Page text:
I Give

1998-1999

A Little Night Music: WPI Summer Band Brings Together Music and People

FOR IMMEDIATE RELEASE/July 15, 1999
Contact: WPI Media Relations, 508-831-5616

WORCESTER, Mass. - They came for the love of music and they found the love of a lifetime.

Along with the many benefits of music, Worcester Polytechnic Institute's Summer Band has brought together at least one couple in wedded bliss. Thanks to Administrator of Applied Music Douglas G. Weeks, WPI Summer Band has provided a creative outlet and more for students, alumni, faculty and staff for the past several years.

In early June the note appeared on the WPI e-mail system: "I will once again be directing a summer band composed of students, alumni, faculty and staff," wrote Weeks. "If you are interested in participating, please attend the first rehearsal this coming Monday." About 30 musicians responded.

They come from as far as New Haven, Conn., and Manchester, N.H. They arrive after a full day of work and miles behind the wheel. They flock here, even if they already play in local community bands, to enjoy a major love of their lives: the making of music.

Sometimes that love extends beyond music. Just ask Ned Lefferts and his wife, the former Melissa Briggs. Ned graduated from WPI in 1986, and Melissa from Worcester State College a little earlier. Along with trombonist Ned, Melissa had played the French horn in the WPI orchestra. It's one benefit of the Worcester Consortium for Higher Education, which allows students to take part in classes and activities on other campuses.

"We were, you know, friends. Part of the band," Ned recalls. "And then we continued playing together after Melissa graduated." While starting her teaching career at Doherty High School in Worcester, Melissa also played with the WPI band. "And that's when we started going out," Ned said. "In 1988 I graduated and we got married."

"Doug Weeks played at our wedding and he played at our reception," Melissa said, laughing, "so actually, we've got to give him all the credit."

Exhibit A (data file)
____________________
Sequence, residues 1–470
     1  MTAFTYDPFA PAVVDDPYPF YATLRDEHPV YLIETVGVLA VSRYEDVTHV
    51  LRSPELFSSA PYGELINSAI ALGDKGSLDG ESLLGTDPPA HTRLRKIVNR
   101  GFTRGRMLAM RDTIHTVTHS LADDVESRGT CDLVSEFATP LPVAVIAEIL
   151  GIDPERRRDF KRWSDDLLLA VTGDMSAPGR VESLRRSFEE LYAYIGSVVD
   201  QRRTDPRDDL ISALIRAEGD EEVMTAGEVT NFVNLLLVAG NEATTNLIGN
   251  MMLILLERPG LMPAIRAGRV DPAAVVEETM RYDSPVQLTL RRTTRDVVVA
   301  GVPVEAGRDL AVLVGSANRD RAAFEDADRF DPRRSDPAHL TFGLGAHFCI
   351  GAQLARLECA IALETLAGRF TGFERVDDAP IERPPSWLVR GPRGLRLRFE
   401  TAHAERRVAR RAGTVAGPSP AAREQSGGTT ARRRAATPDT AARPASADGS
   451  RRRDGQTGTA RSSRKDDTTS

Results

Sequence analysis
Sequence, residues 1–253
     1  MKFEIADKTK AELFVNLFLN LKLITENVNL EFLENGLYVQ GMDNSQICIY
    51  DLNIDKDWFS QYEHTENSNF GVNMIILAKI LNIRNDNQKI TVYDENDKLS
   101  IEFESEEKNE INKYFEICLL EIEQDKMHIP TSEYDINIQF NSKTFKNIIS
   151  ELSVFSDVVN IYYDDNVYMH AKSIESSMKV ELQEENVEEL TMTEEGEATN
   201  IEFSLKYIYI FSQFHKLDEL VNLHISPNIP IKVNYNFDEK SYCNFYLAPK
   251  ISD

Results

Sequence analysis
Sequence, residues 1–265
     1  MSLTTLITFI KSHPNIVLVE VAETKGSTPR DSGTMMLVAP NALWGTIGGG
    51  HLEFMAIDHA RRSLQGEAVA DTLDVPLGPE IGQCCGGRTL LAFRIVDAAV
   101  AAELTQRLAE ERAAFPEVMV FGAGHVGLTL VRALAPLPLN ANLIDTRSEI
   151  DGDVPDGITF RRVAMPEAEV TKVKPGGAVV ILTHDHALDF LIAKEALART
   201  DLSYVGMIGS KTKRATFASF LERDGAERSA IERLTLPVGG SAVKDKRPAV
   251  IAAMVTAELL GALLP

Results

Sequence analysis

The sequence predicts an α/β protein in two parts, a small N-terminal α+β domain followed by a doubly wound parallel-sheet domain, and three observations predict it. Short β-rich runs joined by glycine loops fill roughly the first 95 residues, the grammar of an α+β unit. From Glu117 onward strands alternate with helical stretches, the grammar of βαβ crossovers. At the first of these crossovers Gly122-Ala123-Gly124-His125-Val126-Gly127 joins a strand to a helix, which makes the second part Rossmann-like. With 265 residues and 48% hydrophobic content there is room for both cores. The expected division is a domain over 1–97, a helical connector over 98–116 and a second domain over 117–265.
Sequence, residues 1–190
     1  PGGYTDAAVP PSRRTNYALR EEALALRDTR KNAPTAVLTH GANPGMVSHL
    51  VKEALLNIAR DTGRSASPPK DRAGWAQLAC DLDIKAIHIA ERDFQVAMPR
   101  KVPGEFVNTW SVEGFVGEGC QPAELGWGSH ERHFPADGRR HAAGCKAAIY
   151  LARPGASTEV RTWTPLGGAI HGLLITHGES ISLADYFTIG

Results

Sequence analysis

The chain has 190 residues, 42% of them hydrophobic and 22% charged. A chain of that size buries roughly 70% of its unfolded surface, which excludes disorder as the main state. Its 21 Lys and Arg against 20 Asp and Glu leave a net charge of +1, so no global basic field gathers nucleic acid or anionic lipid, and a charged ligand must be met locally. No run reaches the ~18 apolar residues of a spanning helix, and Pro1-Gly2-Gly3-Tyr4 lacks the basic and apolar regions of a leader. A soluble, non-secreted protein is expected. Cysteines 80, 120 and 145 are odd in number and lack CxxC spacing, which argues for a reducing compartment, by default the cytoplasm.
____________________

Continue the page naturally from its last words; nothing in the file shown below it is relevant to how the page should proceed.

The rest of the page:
Summer band offers them "the perfect opportunity," as Ned Lefferts puts it, to keep up their love of music. In fact, WPI band has added more than just music to the life of this Palmer, Mass., couple. They expect their first child in October.

Melissa, 37, teaches English at Cathedral High School in Springfield, Mass., while Ned, 34, is an engineer at Hamilton Sundstrand, an aerospace company in Windsor Locks, Conn.

"It really is just for fun," Weeks said of his Summer Band. "About five years ago, I saw some of my students hanging around during the summer and I thought it would be fun to get together a band." The band has since grown to include alumni, faculty, staff and their family members.

Some might find it odd that music plays such a prominent role at a university known for its science and engineering programs. Yet a major or minor course of study in music has grown in popularity among WPI students.

"It's purely enrichment," Weeks said. "These are motivated students who can handle a double major or who combine a technological major with a music minor."

In fact, WPI is alive with the sound of music, even publishing its first music CD, "Live from WPI," this year.

"WPI has become known for its music program, which is especially unique in that it takes place at a technological university," Weeks noted. "We have about 100 freshman taking music this fall - pretty good for a class of about 600."